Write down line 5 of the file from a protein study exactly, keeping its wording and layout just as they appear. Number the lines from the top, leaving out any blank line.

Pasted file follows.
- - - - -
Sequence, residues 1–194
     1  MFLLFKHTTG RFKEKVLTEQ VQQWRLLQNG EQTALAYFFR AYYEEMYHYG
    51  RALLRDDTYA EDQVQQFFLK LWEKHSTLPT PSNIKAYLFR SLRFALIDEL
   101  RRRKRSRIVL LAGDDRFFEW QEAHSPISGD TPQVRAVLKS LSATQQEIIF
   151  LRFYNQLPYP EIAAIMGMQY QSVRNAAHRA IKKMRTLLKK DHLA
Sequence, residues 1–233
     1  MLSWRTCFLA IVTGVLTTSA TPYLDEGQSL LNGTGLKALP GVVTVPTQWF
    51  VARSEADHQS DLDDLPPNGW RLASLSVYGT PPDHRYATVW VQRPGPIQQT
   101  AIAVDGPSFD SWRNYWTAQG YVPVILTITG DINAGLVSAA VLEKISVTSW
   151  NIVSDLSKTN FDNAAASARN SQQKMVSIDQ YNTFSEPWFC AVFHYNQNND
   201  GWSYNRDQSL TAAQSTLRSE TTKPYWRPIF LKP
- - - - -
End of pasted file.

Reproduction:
   151  LRFYNQLPYP EIAAIMGMQY QSVRNAAHRA IKKMRTLLKK DHLA